Changes in Dental Outcomes After Implementation of the Philadelphia Beverage Tax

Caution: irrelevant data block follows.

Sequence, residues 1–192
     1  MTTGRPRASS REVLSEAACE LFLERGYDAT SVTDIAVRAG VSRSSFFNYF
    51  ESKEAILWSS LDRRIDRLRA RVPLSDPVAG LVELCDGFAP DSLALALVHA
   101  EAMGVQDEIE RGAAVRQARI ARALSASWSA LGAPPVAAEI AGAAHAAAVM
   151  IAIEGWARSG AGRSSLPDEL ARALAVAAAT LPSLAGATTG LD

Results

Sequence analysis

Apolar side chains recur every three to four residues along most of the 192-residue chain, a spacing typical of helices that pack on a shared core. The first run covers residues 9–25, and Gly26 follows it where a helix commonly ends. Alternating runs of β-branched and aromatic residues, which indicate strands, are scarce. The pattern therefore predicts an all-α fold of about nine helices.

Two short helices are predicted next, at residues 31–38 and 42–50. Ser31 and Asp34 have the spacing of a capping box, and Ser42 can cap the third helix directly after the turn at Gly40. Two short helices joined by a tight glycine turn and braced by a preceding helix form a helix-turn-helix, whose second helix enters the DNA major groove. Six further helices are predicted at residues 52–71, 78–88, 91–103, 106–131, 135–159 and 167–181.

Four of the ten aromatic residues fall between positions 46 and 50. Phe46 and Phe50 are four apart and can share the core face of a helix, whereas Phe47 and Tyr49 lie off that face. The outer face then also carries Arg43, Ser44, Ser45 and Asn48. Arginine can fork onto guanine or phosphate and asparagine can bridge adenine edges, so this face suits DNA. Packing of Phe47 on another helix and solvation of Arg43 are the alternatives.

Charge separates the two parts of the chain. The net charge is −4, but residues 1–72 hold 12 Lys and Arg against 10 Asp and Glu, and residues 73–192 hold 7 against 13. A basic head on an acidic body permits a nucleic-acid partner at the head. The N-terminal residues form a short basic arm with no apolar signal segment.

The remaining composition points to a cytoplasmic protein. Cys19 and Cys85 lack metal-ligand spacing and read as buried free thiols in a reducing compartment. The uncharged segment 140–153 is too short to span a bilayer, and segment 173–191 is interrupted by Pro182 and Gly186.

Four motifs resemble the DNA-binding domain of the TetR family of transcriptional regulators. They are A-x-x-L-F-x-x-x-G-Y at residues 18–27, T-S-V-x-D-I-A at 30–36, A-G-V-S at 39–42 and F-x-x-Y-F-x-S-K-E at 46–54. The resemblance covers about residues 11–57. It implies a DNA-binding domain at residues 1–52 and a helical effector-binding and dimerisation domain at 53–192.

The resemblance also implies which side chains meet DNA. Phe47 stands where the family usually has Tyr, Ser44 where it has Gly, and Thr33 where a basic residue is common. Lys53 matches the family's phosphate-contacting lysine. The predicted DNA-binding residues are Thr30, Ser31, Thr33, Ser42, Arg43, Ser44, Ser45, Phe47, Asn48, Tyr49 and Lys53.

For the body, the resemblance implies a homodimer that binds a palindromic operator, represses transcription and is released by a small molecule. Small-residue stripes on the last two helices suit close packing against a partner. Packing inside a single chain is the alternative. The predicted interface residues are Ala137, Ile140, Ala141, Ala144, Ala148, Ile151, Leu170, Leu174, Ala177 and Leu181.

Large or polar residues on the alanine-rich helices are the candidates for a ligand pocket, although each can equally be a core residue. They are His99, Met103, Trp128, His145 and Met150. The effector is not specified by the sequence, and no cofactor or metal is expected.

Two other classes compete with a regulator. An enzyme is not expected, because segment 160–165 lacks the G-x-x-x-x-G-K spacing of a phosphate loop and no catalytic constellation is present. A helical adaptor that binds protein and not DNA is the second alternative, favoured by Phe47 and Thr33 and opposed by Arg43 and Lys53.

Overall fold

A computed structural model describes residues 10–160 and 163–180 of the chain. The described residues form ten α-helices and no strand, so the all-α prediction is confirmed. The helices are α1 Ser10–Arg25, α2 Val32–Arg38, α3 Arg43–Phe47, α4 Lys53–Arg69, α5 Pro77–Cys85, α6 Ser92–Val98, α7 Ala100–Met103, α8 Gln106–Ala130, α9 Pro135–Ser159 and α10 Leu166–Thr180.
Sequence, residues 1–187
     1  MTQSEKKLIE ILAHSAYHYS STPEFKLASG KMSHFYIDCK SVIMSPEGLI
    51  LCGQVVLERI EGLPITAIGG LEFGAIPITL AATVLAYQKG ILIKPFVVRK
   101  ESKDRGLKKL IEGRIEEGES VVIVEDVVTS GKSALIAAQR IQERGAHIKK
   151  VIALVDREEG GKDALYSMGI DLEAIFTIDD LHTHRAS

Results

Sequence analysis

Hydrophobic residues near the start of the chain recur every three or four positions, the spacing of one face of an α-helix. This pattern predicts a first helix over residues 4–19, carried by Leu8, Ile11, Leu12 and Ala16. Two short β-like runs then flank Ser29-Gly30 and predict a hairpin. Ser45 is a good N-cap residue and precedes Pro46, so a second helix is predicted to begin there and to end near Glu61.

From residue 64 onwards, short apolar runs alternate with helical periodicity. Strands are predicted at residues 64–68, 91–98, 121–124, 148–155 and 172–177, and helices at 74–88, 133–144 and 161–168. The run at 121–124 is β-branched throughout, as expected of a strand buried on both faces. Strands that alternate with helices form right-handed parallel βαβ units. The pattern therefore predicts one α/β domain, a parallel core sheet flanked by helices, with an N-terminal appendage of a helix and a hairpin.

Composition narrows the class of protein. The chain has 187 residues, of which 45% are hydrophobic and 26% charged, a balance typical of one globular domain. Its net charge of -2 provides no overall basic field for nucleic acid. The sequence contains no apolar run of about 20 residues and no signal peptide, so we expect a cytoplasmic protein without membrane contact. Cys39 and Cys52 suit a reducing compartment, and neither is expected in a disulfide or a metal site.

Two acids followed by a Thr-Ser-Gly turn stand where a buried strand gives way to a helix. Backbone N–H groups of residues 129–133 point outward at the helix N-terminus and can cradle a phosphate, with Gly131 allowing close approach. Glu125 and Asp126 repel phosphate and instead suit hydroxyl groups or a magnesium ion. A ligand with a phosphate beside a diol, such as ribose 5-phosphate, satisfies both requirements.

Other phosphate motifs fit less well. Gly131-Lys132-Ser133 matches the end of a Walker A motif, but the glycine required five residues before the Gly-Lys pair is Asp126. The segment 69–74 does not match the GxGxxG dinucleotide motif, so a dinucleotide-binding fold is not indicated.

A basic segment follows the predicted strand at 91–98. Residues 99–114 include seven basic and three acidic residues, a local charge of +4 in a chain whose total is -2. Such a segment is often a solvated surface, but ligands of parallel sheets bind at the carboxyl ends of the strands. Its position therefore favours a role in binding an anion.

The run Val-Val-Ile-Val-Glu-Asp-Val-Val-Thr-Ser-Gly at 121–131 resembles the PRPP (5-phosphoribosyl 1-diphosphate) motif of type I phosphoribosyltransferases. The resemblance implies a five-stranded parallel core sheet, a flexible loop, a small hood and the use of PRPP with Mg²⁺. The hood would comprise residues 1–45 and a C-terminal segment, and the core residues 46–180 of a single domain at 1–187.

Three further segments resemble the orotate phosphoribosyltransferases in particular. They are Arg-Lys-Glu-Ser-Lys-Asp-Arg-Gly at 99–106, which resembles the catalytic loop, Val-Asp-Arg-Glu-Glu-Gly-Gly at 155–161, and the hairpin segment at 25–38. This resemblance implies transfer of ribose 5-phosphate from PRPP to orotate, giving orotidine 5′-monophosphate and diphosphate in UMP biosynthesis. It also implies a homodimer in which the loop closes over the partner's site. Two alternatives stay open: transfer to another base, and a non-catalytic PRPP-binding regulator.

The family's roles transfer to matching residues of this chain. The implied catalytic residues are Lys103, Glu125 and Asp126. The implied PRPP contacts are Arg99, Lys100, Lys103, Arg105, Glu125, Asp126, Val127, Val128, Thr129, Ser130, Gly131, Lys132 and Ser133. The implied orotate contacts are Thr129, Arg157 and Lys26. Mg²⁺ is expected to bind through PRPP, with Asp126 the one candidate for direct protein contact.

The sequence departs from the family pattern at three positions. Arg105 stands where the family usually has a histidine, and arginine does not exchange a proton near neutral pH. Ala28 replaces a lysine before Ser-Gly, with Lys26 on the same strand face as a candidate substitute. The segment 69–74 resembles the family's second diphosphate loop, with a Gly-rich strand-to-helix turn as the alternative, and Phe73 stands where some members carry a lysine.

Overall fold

Beverage taxes are associated with declines in sugar-sweetened beverage sales and consumption, but few studies have evaluated the associations of these taxes with health outcomes. This study analyzed changes in dental decay after the implementation of the Philadelphia sweetened beverage tax. Electronic dental record data were obtained on 83,260 patients living in Philadelphia and control areas from 2014 to 2019. Difference-in-differences analyses compared the number of new Decayed, Missing, and Filled Teeth with that of new Decayed, Missing, and Filled Surfaces before (January 2014-December 2016) and after (January 2019-December 2019) tax implementation in Philadelphia and control patients. Analyses were conducted in older children/adults (aged ≥15 years) and younger children (aged <15 years). Subgroup analyses stratified by Medicaid status. Analyses were conducted in 2022. The number of new Decayed, Missing, and Filled Teeth did not change after tax implementation in Philadelphia in panel analyses of older children/adults (difference-in-differences= -0.02, 95% CI= -0.08, 0.03) or younger children (difference-in-differences=0.07, 95% CI= -0.08, 0.23). There were similarly no post-tax changes in the number of new Decayed, Missing, and Filled Surfaces. However, in cross-sectional samples of patients on Medicaid, the number of new Decayed, Missing, and Filled Teeth was lower after tax implementation in older children/adults (difference-in-differences= -0.18, 95% CI= -0.34, -0.03; -20% decline) and younger children (difference-in-differences= -0.22, 95% CI= -0.46, 0.01; -30% decline), with similar results for number of new Decayed, Missing, and Filled Surfaces. The Philadelphia beverage tax was not associated with reduced tooth decay in the general population, but it was associated with reduced tooth decay in adults and children on Medicaid, suggesting potential health benefits for low-income populations.